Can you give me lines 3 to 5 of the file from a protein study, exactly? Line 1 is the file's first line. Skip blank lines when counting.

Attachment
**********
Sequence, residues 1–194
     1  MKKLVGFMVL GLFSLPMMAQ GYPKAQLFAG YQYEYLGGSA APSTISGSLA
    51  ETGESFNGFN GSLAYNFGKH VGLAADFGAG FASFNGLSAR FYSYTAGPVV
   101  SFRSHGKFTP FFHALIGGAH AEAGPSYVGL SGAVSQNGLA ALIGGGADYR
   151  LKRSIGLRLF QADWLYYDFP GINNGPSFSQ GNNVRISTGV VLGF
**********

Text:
    51  ETGESFNGFN GSLAYNFGKH VGLAADFGAG FASFNGLSAR FYSYTAGPVV
   101  SFRSHGKFTP FFHALIGGAH AEAGPSYVGL SGAVSQNGLA ALIGGGADYR
   151  LKRSIGLRLF QADWLYYDFP GINNGPSFSQ GNNVRISTGV VLGF